Observations, opinions and musings from last week in major league baseball. Texas Rangers outfielder Josh Hamilton, a recovering substance-abuse addict, had the best story of redemption at the 79th All-Star Game.
Orioles closer George Sherrill, who went from an undrafted, independent league player to an All-Star closer in five years, wasn't far behind.
But there's another All-Star whose journey to Yankee Stadium last week is worth mentioning.
His name is Kerry Wood, a Chicago Cubs pitcher. You might have heard of him. He struck out 20 in a game as a 20-year-old rookie in 1998. He led the National League in strikeouts in 2003, when he made the All-Star team.
His Cooperstown bust was bronzing. And then arm trouble - elbow, triceps, shoulder, you name it - sidelined him. From 2004 to 2007 he won 13 total games, one fewer than he did in 2003.
Switched to the bullpen when he returned in August, Wood, 31, excelled in the role. He auditioned as the Cubs' closer this spring, won the job and has officially reinvented himself.
His motivation was pretty simple. His son, Justin, is 2.
"I wanted to stick around the game long enough for him to remember something about it," Wood said.
Wood didn't pitch in Tuesday's game. He removed himself from the roster with a finger blister that he didn't want to aggravate in an exhibition. But he still wanted to be there.
"There were millions that thought I'd never be here," he said. "But there were four or five [people] that really believed I could get back here. And that's more special to me than anything."
With the second half of the season having started Thursday, here's a look at first-half awards - that time-tested baseball writing device that means absolutely nothing.
This one has to go to a Ranger. The top candidates are Hamilton, who is leading the free world with 95 RBIs, and second baseman Ian Kinsler, who led in batting average, hits and runs scored. A third Ranger, Milton Bradley, is also in the discussion. My call now: Hamilton. My September guess: Hamilton.
AL Cy Young
Hard to go against the American League's All-Star starter, Cliff Lee of Cleveland. He was 12-2 for a team that was 41-53 at the break. His 2.31 ERA was second among qualifiers. My call now: Lee. My September guess: The Boston Red Sox's Daisuke Matsuzaka.
Several can make a case here, including the Orioles' Dave Trembley and baseball's best mouth, the Chicago White Sox's Ozzie Guillen. But Joe Maddon, the Tampa Bay Rays' manager and one of the game's great characters, wins. My call now: Maddon. My September guess: Maddon.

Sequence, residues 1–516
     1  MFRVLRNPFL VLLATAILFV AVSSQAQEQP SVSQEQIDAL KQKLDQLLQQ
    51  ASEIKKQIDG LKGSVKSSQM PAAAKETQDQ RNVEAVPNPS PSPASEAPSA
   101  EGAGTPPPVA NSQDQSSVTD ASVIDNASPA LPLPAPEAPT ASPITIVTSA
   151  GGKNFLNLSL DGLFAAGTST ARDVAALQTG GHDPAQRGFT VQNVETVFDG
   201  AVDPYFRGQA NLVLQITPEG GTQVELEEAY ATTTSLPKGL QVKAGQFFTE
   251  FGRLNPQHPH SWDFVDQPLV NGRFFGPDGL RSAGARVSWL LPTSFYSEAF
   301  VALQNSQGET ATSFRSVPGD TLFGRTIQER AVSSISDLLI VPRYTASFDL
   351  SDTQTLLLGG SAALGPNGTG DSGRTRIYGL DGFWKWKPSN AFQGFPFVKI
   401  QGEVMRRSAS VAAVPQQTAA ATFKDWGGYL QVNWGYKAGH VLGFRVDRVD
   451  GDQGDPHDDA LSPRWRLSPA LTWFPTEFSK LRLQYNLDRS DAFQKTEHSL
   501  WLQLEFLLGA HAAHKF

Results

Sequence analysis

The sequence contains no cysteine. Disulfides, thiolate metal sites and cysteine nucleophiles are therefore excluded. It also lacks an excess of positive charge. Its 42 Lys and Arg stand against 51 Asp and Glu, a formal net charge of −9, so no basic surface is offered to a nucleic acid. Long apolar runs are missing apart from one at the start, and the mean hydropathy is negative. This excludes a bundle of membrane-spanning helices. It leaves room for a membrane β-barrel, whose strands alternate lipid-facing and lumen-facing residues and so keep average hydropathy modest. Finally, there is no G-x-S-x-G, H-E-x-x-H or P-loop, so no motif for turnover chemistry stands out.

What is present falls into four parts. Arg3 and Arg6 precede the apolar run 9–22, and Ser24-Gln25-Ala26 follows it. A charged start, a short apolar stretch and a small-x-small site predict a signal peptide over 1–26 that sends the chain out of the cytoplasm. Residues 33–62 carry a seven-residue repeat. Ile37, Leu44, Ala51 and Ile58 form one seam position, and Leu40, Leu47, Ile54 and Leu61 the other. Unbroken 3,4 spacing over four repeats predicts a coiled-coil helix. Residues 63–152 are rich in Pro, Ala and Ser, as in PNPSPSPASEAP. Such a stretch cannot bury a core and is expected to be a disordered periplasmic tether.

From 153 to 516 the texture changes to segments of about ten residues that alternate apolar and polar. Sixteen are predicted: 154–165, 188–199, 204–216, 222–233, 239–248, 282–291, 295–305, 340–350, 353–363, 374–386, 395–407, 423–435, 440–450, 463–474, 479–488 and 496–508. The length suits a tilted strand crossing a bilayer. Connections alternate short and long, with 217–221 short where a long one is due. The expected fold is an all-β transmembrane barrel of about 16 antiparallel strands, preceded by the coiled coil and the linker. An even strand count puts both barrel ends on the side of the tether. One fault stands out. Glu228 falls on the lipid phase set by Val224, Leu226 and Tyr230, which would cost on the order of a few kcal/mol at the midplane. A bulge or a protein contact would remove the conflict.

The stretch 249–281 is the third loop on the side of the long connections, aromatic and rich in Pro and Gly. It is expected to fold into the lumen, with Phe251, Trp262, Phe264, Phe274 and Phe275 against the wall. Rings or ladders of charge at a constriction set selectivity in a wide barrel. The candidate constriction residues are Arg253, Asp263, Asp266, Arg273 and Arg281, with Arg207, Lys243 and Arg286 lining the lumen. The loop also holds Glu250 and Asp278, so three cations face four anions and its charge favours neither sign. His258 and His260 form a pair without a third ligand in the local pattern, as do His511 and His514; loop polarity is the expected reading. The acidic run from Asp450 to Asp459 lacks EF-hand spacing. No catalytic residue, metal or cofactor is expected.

The assumption is Tampa Bay's Evan Longoria has wrapped this up. Not so fast, or at least not yet. Texas' David Murphy has a slight edge in several categories, including RBIs and runs scored. My call now: Murphy. My September guess: Longoria.
At season's end, the Most Valuable Player Award goes to a player on a contender unless someone has outrageous numbers. There's no clear-cut winner right now. The Philadelphia Phillies' Chase Utley is in the discussion, and so are the Houston Astros' Lance Berkman, Atlanta Braves' Chipper Jones and, a tad late to the party, St. Louis Cardinals' Albert Pujols. Right now, I'm leaning toward the best numbers. My call now: Berkman. My September guess: Pujols.
NL Cy Young
Another crapshoot. The Cincinnati Reds' Edinson Volquez - who was traded for Hamilton - has the best overall numbers. The San Francisco Giants' Tim Lincecum and Arizona Diamondbacks' Brandon Webb have also impressed. My call now: Volquez. My September guess: Webb.
There was something missing on the North Side of Chicago. Lou Piniella filled that void. Get his trophy case ready for a third award unless the Jerry Manuel-led New York Mets win their division. My call now: Piniella. My September guess: Piniella.
Another Cubs award. Catcher Geovany Soto, if he can hold up through a grueling season, should outpace his teammate, Kosuke Fukudome. Braves pitcher Jair Jurrjens also gets consideration. My call now: Soto. My September guess: Soto.